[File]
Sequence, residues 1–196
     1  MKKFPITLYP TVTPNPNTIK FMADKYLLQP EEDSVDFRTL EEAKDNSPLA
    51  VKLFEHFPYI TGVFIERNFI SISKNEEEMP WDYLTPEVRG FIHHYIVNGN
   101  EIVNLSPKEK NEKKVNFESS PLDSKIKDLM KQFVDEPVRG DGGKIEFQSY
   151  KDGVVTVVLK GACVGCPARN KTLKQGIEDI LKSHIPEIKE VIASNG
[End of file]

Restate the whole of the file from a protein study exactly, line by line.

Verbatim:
Sequence, residues 1–196
     1  MKKFPITLYP TVTPNPNTIK FMADKYLLQP EEDSVDFRTL EEAKDNSPLA
    51  VKLFEHFPYI TGVFIERNFI SISKNEEEMP WDYLTPEVRG FIHHYIVNGN
   101  EIVNLSPKEK NEKKVNFESS PLDSKIKDLM KQFVDEPVRG DGGKIEFQSY
   151  KDGVVTVVLK GACVGCPARN KTLKQGIEDI LKSHIPEIKE VIASNG